Rating: The Good – 76.9 Genre: Drama, Science Fiction Duration: 94 mins Director: Gareth Edwards Stars: Scoot McNairy, Whitney Able, Mario Zuniga
Writer director Gareth Edwards announced himself as a filmmaker of note with this subjective approach to the monster movie, which became the basis for his less successful attempt at Godzilla (2014). Whereas most movies of this type sacrifice the personal drama at the expense of big budget monster carnage, his laudable independent feature takes entirely the opposite approach by making a highly personal drama about two lost souls who are thrown together in a near future Mexico which has been overrun with giant creatures from outer space (don’t worry, it works!). Scoot McNairy is a photographer who shoots the disaster left in the path of the creatures and Whitney Able is the daughter of his rich boss who, for her own reasons, has been hiding away in Mexico. However, at her father’s request, she must now return to the US under the care of his initially begrudging employee. But as the airports and ports close due to the encroaching monsters, the pair end up having to make their way through the infected zone and over the border.
The monsters are kept very much on the periphery of the drama and there are no action set pieces in the traditional sense as Edwards chooses instead to use the unusual context to contrast and therefore accentuate the authenticity of the relationship that develops between the two characters. And in truth, he brings us remarkably close to them and keeps us intimately engaged with their struggle. Real life couple, McNairy and Able share a palpable chemistry but are excellent in all other respects too and, of course, this was crucial because we are only too happy to leave the monsters in the background and focus on the couple as they work out their own problems amidst their burgeoning friendship. The movie glides forward thanks to smoothness of their acting, Edwards equally intimate photography (he was DP too), and Jon Hopkins serenely cool score. The threat of the monsters helps ratchet the tension when needed but if the movie has a failing, its that the danger never really materialises in the manner most will be waiting for. This would be fine if Monsters was a straight up romantic drama but the presence of monsters in the first place makes certain promises that will let many a moviegoer down. For the rest of us, there’s more than enough to justify Edwards’ fascinating project and ensure it becomes a cult favourite in the future.
Rating: The Good – 78.4 Genre: Thriller Duration: 120 mins Director: Ben Affleck Stars: Ben Affleck, Bryan Cranston, John Goodman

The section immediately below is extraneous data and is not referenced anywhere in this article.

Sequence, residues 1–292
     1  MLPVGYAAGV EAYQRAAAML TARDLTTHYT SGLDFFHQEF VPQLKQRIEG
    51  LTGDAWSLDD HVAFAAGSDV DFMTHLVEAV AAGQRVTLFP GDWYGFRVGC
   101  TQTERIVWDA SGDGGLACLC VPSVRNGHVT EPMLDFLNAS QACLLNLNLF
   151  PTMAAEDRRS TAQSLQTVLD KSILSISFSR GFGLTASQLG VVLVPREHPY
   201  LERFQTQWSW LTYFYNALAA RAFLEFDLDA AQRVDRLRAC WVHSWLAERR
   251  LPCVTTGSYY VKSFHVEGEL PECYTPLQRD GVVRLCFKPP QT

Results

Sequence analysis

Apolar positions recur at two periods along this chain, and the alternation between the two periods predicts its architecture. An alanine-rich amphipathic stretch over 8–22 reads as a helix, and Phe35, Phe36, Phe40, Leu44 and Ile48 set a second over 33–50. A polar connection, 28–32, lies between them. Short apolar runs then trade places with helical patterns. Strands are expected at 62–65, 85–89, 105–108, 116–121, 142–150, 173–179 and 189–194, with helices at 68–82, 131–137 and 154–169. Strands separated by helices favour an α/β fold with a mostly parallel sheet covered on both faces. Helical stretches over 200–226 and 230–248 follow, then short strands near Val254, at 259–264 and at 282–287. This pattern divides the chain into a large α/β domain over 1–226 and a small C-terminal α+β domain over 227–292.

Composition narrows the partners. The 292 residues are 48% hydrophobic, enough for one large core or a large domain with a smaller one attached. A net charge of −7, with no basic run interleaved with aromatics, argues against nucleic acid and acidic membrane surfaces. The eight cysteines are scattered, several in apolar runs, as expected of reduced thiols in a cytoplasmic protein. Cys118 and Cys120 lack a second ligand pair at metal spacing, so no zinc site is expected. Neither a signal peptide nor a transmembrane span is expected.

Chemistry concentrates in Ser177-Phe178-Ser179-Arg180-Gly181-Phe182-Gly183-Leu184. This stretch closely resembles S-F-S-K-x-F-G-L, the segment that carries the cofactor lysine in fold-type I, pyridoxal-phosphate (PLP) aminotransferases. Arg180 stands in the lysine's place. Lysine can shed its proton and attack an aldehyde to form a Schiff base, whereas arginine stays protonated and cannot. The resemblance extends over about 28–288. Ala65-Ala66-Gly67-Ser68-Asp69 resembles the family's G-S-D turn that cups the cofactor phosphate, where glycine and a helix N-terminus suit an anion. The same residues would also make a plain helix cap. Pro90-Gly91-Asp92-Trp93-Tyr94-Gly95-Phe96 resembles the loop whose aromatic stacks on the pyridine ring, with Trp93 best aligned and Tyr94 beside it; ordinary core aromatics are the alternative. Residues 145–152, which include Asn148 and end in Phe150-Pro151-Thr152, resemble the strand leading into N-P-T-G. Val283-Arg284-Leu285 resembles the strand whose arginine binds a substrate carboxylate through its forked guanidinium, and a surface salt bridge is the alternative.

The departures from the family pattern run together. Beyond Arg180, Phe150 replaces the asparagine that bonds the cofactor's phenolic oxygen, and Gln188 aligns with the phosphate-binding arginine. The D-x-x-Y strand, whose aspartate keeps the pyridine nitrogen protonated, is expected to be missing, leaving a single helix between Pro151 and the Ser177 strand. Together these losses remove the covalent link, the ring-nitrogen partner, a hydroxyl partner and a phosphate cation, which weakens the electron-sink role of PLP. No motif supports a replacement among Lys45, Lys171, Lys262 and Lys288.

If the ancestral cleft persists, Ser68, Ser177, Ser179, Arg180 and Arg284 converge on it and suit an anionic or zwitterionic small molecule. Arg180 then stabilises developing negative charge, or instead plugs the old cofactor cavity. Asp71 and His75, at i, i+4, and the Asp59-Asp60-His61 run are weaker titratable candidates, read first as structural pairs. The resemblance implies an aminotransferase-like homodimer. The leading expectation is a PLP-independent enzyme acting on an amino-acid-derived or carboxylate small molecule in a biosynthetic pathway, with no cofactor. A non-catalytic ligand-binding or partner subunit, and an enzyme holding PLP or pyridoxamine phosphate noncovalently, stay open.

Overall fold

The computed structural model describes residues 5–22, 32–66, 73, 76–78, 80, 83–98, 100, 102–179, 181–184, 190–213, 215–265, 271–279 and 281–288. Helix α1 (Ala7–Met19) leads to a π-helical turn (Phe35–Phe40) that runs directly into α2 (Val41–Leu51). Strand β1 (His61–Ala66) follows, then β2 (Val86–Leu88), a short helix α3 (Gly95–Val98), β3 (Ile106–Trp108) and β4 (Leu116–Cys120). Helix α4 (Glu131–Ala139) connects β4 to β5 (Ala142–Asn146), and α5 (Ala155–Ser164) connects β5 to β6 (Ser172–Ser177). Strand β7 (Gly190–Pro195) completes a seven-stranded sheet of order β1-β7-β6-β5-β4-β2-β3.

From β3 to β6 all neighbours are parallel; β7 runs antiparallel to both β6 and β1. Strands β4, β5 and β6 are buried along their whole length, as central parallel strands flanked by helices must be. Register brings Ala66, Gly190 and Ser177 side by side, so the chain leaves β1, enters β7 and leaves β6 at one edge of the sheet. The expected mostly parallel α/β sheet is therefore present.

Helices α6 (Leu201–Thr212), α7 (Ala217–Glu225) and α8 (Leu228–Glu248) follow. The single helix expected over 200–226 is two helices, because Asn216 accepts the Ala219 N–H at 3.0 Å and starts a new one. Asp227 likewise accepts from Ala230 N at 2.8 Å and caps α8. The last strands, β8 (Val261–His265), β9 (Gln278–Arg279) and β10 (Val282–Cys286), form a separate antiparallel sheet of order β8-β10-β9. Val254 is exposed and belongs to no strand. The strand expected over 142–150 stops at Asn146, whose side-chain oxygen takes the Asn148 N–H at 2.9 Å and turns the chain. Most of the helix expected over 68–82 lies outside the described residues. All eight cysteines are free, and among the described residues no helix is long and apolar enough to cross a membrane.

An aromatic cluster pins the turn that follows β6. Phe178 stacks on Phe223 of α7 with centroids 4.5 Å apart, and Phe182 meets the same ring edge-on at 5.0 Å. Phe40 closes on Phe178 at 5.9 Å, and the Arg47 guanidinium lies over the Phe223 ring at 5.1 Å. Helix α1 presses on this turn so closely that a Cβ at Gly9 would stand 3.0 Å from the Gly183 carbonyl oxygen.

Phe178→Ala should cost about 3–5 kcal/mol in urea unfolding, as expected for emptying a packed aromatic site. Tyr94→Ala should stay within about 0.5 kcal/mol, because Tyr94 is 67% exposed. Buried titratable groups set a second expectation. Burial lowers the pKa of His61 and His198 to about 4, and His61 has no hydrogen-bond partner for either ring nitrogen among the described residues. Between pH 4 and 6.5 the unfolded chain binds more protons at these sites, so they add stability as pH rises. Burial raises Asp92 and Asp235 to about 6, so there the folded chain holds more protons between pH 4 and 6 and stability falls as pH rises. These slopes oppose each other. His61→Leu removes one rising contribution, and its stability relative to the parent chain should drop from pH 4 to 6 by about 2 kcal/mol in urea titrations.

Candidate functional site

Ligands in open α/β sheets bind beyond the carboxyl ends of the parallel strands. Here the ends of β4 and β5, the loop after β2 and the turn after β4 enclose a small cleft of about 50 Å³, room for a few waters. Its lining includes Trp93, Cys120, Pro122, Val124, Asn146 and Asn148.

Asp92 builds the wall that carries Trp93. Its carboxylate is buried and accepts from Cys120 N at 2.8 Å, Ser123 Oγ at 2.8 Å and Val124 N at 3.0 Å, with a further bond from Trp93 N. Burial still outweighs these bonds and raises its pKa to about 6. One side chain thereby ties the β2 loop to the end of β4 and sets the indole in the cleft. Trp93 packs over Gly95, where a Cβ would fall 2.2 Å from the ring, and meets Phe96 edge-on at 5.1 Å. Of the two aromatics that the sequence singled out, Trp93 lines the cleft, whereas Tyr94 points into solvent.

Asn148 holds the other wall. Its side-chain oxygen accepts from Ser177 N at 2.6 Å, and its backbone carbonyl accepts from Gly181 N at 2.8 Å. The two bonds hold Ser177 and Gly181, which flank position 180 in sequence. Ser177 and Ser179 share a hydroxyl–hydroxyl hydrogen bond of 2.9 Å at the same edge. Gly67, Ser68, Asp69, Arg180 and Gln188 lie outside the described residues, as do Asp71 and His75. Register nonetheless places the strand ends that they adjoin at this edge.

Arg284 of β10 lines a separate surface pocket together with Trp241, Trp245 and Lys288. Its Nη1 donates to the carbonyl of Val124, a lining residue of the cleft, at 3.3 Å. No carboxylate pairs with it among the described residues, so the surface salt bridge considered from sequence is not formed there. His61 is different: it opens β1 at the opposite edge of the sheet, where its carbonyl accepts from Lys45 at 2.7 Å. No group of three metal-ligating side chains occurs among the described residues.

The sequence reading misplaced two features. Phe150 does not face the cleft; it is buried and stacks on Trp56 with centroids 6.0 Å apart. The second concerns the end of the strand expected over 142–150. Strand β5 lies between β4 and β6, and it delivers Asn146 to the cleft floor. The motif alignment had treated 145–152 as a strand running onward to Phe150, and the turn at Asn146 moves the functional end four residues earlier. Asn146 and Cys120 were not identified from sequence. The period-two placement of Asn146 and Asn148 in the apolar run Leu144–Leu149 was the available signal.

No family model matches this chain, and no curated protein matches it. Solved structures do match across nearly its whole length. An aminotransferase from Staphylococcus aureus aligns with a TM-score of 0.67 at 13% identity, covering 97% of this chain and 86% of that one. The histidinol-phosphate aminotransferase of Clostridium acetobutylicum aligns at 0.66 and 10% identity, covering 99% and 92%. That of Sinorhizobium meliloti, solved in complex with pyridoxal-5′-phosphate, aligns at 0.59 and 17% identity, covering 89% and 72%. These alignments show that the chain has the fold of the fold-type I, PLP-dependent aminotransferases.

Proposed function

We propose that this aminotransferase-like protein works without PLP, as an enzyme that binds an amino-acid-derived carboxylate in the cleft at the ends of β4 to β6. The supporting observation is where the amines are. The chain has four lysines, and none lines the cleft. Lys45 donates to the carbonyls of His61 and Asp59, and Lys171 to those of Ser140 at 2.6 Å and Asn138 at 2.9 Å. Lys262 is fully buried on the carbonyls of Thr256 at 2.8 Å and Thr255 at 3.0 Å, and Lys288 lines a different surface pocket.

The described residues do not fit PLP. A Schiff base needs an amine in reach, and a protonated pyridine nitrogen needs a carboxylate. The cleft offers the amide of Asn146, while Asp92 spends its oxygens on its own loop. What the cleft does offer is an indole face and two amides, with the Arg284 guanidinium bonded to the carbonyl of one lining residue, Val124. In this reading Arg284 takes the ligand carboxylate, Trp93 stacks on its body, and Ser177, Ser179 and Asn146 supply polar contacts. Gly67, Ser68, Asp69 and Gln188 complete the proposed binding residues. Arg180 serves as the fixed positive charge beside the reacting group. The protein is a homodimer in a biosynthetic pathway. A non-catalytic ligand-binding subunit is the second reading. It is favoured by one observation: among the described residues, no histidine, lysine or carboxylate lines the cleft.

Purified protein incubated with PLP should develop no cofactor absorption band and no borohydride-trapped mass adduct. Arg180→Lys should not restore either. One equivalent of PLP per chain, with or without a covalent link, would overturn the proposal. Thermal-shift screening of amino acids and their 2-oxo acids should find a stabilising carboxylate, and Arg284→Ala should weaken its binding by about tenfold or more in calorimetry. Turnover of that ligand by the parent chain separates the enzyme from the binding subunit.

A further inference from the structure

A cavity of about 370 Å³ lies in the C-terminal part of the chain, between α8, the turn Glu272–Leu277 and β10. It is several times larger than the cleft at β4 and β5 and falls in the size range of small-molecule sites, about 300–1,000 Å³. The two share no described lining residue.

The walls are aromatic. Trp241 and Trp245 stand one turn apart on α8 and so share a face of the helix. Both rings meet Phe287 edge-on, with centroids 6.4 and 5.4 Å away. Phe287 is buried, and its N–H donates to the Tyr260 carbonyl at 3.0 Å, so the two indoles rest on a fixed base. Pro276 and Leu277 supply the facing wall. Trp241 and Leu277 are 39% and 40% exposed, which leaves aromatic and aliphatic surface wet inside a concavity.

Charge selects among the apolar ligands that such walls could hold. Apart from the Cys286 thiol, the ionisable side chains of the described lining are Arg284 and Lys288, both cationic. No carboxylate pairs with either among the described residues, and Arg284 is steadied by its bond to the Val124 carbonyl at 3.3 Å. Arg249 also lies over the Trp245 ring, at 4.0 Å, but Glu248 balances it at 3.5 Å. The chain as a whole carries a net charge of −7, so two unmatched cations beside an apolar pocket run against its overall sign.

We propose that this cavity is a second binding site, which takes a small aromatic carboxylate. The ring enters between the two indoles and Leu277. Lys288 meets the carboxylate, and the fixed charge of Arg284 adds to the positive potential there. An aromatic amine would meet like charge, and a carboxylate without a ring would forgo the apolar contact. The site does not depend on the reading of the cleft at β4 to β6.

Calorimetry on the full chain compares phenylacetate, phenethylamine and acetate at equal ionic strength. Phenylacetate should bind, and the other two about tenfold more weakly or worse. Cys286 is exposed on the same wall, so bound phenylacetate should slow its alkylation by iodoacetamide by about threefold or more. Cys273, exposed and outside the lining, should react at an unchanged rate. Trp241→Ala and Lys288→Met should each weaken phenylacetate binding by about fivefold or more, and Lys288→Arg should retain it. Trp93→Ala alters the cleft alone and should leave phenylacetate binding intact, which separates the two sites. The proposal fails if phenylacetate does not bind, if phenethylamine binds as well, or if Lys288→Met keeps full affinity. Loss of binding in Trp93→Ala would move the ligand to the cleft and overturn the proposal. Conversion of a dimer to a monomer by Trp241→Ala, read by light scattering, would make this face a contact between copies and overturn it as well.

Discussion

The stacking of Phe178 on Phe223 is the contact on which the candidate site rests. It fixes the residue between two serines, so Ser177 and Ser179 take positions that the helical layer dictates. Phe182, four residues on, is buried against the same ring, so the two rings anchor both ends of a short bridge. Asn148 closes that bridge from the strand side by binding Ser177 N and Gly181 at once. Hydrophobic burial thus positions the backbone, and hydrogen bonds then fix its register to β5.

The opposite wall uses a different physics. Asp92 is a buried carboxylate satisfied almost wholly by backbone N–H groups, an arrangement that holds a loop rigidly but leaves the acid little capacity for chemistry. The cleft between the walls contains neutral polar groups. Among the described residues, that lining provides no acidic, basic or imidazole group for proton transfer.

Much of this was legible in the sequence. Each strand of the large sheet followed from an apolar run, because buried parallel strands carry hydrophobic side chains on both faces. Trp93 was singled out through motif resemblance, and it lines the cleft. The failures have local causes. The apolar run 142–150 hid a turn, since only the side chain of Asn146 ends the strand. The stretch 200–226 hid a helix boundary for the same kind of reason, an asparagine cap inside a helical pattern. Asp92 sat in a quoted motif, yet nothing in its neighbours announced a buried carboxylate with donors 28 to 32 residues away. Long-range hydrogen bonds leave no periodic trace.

Director and star Ben Affleck hits three for three with a pitch perfect account of how a CIA agent extracted six American citizens trapped in Iran after the 1980 revolution with the “best bad idea” that he could come up with. Based on actual events, Argo does something that not many films get to do. It gives us the real scoop on a well known yet relatively recent moment in history by telling a story so inherently dramatic and daft that we’d scarcely believe it was possible if told as outright fiction. Yes, it takes some liberties here and there but the essential story of US citizens being “exphiltrated” from Iran disguised as a Canadian film crew who were ostensibly there to shoot a science fiction epic is entirely true. In fact, this story would almost write itself if allowed but the end result would probably be nothing more ambitious than a wacky comedy. Thankfully Affleck and writer Chris Terrio don’t let it and they instead look deep into the people and events of the time to find the genuine heroism, intelligence, and downright bravery that in reality defines a tale like this. Nothing here is glossed over from the emotional baggage of Affleck as the agent with the crazy plan to the tensions, fear, and mistrust of the Americans in hiding and the Canadian ambassador who is hiding them. And yet somehow Affleck manages to stitch it all together with the unerring momentum of the best thrillers.
Shot in the style of the 1970’s thriller (à la Fincher’s Zodiac) Argo is already working our subconscious recognitions even before a word of dialogue is uttered. The signature palette and textured production design of the era brings us back to a simpler time when films worked because of their craft and not because a glossy public relations campaign brainwashes its audiences into thinking it works. It’s a nuanced directorial effort as Affleck moves the drama forward with a soft pace and controls the tension through intelligent framing, cutting, and general discipline as opposed to the big score and hyperactive editing used by so many of today’s paler counterparts.
The actors are first class with John Goodman and the great Alan Arkin excelling as the big shot Hollywood producers called in to make the fake movie project look real. Of the trapped Americans, Clea DuVall and Scoot McNairy do particularly well in capturing the essence of being constantly caught between fear, expectation, and guarded hope for months on end. However, it’s fair to say that Affleck turns in the most substantial acting turn. Yes, he has more to play with but as the dust settles on the final scene there’s a definite sense that he did something substantial here. It’s not a big performance nor is it overtly intense but it’s weighty nonetheless and he puts you in the character’s shoes.
The result of all this is an enthralling and utterly gripping edge-of-your-seat thriller that rewards true movie lovers for the crap we’ve had to sit through as the genre has been badly approximated for nearly two decades now. Moreover, it’s a marker laid down by a hot and young(ish) talent that Hollywood has a new director to whom we can pin our hopes.